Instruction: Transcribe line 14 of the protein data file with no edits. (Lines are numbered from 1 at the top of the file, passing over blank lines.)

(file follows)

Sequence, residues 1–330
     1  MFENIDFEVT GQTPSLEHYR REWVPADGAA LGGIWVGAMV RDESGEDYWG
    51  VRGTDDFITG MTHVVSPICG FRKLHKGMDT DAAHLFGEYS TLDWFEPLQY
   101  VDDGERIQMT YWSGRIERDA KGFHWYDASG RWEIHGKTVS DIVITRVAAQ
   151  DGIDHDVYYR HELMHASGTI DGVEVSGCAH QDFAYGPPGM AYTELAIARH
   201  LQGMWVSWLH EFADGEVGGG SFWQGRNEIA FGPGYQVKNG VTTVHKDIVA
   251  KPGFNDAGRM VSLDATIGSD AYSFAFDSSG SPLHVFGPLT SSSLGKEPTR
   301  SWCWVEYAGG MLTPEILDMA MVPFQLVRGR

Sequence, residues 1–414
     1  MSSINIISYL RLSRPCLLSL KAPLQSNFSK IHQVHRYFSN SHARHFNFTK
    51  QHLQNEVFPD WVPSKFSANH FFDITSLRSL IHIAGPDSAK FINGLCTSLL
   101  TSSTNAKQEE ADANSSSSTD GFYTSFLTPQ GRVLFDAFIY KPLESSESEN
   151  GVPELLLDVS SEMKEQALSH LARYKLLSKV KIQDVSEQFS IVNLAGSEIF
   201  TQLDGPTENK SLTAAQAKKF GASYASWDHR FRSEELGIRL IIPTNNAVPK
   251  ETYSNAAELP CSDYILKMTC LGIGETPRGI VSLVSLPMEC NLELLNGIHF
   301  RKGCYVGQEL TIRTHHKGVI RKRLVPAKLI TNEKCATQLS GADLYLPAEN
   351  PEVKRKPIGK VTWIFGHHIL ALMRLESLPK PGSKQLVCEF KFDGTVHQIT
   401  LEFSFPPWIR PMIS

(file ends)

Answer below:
   201  TQLDGPTENK SLTAAQAKKF GASYASWDHR FRSEELGIRL IIPTNNAVPK